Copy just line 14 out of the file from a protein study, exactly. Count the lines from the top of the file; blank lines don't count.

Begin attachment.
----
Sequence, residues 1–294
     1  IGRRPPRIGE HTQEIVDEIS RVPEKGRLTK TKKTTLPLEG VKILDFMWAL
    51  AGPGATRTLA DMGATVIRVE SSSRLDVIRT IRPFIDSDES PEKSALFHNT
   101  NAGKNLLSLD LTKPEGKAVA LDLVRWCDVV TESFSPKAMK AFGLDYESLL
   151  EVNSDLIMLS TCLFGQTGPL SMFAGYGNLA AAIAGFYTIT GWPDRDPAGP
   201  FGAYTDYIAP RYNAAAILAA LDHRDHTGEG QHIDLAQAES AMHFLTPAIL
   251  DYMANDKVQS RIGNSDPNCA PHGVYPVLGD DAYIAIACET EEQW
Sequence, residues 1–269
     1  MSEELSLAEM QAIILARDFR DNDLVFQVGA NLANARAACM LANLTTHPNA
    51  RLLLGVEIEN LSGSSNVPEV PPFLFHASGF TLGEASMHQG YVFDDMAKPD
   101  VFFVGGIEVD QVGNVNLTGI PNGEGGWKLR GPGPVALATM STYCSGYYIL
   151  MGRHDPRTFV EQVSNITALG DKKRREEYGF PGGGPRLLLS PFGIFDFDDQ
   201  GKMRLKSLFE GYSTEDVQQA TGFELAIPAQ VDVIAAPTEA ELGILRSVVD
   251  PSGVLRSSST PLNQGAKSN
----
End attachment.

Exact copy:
   251  PSGVLRSSST PLNQGAKSN